Carthinal and The Wren took on the other youth. He was a big young man, but Carthinal threatened with his knife and as he approached, The Wren stuck out her foot and gave him a push. He stumbled enough for Carthinal to finish his fall and sit on top of him. He held the Green Fish’s long hair and pulled back, holding his knife at the other’s throat.
”Now go back into your cell like a good boy,” Carthinal said with a smirk, “or I might forget I’m a nice person.”
The guard dragged the first youth into the cell, and the second went in quietly, looking all the time at Carthinal.
“They’ll end up on the hangman’s gibbet, no doubt,” the guard said. “Now get out of here before I have second thoughts.”
Carthinal grinned. “You won’t. I know too much about you.”
He and Wren left the jailhouse and met The Cat outside. “What kept you? I thought you were goin’ in ter lure th’ guy out.”
“Long story, Cat, but I found a better way to do it. I’ll tell you on the way back to HQ.”
Wren reached up and kissed Carthinal on the cheek. “Thank you for rescuing me.”
He blushed. “I…it was nothing. You’re my partner.”
The Wren smiled.
Another year passed. Carthinal had been with The Beasts for just over two years. There had been many more fights like the one with the Green Fish. Other gangs tried to take over the Beasts’ territory. It was the best territory in Bluehaven, having the market. Carthinal learned to fight with his knife and usually came away with few injuries.
“The luck of the elves,” The Wren told him.
His relationship with The Wren deepened, and soon they shared a room. They were a good team, too, and The Rooster was proud of the way they never failed to get a good haul when they went out to pick pocket.
It was the spring equinox, Grillon’s Day and the first day of spring when they went out, not to pick pockets, but to watch the entertainers in the square.
Grillon’s Day was a day of celebration all over Grosmer. First, there was a service in Grillon’s Grove outside the city. Most people went there or to his temple in the city. Here the priests gave thanks to Grillon for past productivity and fertility. He was the god of the wild and wild things, and beloved by hunters, but because his day was the first day of spring, everyone worshipped him on this day. All except the gangs.
After the services, people came into the towns to feast and be entertained, then in the evening, there was dancing around the bonfires, after which couples sneaked away into the woods. Any children born after this celebration were not considered illegitimate, but thought of as Grillon’s children.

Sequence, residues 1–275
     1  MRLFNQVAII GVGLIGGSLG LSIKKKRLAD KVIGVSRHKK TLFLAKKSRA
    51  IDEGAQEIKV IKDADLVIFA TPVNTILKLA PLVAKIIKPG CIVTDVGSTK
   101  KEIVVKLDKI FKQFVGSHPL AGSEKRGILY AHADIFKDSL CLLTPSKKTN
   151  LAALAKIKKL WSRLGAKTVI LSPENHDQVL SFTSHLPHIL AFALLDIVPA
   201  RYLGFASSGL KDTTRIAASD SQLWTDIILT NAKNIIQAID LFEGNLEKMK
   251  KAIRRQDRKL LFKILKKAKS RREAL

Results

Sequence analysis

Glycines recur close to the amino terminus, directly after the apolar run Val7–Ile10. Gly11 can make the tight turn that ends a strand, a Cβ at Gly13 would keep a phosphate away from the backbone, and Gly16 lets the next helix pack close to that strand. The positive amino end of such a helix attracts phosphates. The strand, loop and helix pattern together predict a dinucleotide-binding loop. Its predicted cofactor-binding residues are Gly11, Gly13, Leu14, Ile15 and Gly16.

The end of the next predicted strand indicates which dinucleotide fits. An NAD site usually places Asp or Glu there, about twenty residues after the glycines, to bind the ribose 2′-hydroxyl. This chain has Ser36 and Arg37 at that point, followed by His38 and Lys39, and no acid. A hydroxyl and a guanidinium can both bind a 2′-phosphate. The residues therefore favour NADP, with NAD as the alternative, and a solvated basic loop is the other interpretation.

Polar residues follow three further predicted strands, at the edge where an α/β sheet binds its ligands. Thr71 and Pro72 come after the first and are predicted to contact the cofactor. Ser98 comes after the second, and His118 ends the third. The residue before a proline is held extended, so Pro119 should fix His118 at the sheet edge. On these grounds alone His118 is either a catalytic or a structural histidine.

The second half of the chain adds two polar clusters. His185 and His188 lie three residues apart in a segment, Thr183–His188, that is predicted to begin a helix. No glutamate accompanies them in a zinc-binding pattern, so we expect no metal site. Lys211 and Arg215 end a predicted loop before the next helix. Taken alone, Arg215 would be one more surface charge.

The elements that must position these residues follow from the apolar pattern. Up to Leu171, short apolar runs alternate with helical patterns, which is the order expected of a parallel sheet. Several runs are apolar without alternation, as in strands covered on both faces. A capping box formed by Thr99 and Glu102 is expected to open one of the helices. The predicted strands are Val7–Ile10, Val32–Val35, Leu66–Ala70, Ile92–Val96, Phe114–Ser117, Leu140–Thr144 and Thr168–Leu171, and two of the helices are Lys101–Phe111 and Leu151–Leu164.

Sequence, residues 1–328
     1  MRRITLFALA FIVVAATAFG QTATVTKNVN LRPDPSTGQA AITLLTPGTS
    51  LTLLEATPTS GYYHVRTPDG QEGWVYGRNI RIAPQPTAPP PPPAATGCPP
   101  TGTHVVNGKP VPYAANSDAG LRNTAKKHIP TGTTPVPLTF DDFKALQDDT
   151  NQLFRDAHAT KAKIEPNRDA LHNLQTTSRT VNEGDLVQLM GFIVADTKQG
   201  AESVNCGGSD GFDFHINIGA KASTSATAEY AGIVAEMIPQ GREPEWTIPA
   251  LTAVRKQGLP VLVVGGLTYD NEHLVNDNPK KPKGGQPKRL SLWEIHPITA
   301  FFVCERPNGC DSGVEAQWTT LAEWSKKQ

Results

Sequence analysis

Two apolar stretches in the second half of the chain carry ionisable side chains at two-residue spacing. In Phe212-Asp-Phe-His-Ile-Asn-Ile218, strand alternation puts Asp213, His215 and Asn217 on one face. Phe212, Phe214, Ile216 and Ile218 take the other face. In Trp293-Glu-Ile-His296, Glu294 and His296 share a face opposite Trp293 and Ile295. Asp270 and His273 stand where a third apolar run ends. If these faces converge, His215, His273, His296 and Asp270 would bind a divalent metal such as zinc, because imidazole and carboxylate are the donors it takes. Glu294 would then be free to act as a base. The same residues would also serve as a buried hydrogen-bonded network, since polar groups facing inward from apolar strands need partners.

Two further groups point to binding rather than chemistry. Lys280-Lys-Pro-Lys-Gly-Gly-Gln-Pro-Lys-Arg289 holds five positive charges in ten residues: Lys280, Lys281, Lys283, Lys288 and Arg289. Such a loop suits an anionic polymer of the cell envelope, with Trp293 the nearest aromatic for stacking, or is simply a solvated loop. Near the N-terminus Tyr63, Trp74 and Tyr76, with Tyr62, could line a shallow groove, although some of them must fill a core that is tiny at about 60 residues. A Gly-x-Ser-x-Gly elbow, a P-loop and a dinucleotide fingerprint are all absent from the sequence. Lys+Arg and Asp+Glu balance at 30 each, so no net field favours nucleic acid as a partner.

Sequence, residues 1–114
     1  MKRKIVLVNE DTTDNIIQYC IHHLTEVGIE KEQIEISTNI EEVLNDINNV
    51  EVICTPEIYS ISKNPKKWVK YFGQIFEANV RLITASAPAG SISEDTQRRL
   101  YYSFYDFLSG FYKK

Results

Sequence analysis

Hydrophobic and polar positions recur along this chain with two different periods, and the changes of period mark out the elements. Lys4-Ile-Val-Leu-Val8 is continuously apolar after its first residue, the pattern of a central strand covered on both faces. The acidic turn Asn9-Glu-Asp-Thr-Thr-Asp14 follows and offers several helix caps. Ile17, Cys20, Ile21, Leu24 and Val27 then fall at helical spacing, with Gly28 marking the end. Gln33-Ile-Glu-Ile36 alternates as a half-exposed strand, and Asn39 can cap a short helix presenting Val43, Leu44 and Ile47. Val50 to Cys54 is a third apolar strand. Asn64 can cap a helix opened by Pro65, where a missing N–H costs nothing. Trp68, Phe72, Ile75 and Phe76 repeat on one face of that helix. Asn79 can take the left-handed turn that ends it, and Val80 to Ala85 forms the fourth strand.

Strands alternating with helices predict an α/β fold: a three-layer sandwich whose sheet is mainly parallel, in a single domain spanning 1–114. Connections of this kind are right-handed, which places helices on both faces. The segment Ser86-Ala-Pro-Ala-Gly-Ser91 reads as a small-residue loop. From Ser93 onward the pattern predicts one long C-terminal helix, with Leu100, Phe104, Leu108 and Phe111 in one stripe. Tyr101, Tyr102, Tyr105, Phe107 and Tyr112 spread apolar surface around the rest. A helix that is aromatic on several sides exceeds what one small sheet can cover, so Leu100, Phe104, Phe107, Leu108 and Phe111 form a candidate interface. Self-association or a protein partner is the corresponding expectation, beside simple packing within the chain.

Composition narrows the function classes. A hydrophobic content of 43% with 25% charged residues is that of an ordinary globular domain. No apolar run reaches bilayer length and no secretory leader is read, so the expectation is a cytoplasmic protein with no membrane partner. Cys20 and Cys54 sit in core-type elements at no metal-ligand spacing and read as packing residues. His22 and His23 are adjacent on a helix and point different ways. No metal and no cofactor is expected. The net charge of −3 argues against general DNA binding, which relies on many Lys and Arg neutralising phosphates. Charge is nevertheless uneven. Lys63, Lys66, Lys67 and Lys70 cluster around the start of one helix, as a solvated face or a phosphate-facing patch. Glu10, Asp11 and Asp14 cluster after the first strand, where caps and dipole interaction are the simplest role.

This year, a magician was billed to be appearing, and Carthinal and The Wren got to the square early. They stood hand in hand waiting for the show to begin.
It began with dancers in the centre of the square, then a group of singers appeared. Clowns and people on stilts followed . The stilt walkers began to dance and the audience clapped, cheered and threw money into the arena. A man dressed in a clown’s costume with a bucket, picked the coins up and then went round the crowd shaking it for people to add more.
A woman brought her dogs into the space and they ran around seemingly at random at the beginning, but then she began to play a flute and dance. The dogs followed her movements and soon they were all dancing, weaving around each other. That brought more cheers, and people threw money again. The same clown picked it up and asked for more from the crowd.
Finally the magician appeared. He wore a deep blue robe with stars and moons printed all over it. He had a hood pulled up over his head so no one could see his face. He waved his hands around in the air and appeared to pull coins out of the air.
“I wish I could do that,” whispered Wren. “We’d no longer have to steal to make a living. We’d be rich.”
“I don’t think it’s real magic, though,” Carthinal replied. “If he could conjure coins, I don’t think he’d be here doing that.”
The magician approached the crowd. He reached out his hand and seemingly pulled a sweetmeat from behind a small boy’s ear. He handed it to the child who immediately put it in his mouth and grinned.
This went on for some time, until Carthinal began to feel a prickling all over his skin. He scratched.
“What’s wrong?” Wren asked. “Got fleas?”
Carthinal shook his head and watched the magician carefully. He was muttering some words and a flame appeared on one of his fingers. Still muttering, he made it jump from one finger to the next.
The next thing he did, Carthinal felt nothing, then he felt the prickling again. This time the man held a globe of light that changed colour as he moved it around. He threw it into the air and it turned blue, then disappeared against the sky.
This went on for some time. The crowd loved it, especially when the magician conjured bursts of coloured lights in the sky. All this time, Carthinal’s skin prickled.
After the show, as the pair walked back to the headquarters, Carthinal said, “I think some of that was real magic. Not all of it, of course, just some of it.”
“What makes you say that?”
“Didn’t you get a prickling of your skin when he did certain things?”
Wren shook her head. “No, Nothing. Why?”
Carthinal looked down at her. “Doesn’t matter. I thought it was interesting, that’s all.”
Was it real magic, and can Carthinal sense when it is being used?
Please leave a comment in the comments box. and tell me what you think of this story.
If you would like to find out more about how Carthinal turns out and his later adventures, you can do so by reading The Wolves of Vimar Series. Just click on the book covers in the side bar to go to its page on Amazon, wherever you are.